On October 6, 2004, Sirius announced that it had signed a five-year, US$100 million per year agreement with Howard Stern to move his radio show, The Howard Stern Show, to Sirius starting on January 9, 2006. Stern said his move was forced by the stringent regulations of the FCC whose enforcement was intensified following the Super Bowl XXXVIII halftime show controversy. In the wake of the announcement of his pending departure, Stern complained that Infinity Broadcasting was making his departure more acrimonious than was necessary. The deal, which gave Sirius exclusive rights to Stern's radio show, also gave Stern the right to build three full-time programming channels. His audience had grown almost tenfold by the end of his second year on Sirius, from fewer than 700,000 subscribers to 6 million (see graph on the right). Stern now has two channels operating on Sirius, but still retains the right to a third.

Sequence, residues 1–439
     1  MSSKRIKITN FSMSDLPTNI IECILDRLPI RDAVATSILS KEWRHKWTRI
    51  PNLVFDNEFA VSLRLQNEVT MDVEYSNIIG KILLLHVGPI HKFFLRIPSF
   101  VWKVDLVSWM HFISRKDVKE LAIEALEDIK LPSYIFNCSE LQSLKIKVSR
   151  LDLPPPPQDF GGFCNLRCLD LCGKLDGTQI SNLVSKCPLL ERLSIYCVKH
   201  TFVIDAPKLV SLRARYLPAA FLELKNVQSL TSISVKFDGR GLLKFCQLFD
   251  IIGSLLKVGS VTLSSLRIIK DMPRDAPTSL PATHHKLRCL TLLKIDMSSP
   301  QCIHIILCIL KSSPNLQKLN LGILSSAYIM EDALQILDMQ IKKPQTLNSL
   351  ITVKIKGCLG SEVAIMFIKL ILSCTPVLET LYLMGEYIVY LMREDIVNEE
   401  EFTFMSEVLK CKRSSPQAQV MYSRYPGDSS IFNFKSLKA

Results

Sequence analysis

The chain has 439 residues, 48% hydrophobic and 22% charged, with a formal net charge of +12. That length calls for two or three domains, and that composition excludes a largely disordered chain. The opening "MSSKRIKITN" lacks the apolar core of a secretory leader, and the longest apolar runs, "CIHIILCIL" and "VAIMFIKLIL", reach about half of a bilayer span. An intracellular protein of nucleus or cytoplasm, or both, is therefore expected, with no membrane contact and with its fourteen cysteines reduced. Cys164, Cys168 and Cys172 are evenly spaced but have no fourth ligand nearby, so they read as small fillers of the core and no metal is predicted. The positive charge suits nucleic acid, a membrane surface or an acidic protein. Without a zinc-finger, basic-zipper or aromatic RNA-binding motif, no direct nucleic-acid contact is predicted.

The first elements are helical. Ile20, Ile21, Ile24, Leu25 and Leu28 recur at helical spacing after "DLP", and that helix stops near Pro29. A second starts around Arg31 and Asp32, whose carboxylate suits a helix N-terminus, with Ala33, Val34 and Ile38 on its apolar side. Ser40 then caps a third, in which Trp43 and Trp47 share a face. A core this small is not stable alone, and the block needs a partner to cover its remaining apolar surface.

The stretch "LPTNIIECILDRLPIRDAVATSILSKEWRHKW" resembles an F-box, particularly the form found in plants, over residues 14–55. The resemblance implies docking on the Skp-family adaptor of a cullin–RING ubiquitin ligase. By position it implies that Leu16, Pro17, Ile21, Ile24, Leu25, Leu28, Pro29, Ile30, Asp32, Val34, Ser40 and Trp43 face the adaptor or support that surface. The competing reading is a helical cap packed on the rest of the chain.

Sirius/XM's channels carried an array of programming that covered Music, News/Talk, Sports, and Entertainment. Sirius had deals with entertainers and personalities for broadcast streams. Besides Stern, Sirius had deals with Martha Stewart, E Street Band member Steven Van Zandt, Jimmy Buffett, and Eminem to executive-produce streams or channels on Sirius. Van Zandt created two stations for Sirius: the Underground Garage, dedicated to garage rock, and Outlaw Country with its focus on alternative country music.
The majority of the company's programming was self-produced exclusively for Sirius. However, there were some shows—especially in the Talk genre—that were originally created for terrestrial radio, but then aired on conventional radio and on Sirius/XM simultaneously; one example was the Eternal Word Television Network.
Among the hosts with Sirius/XM shows were: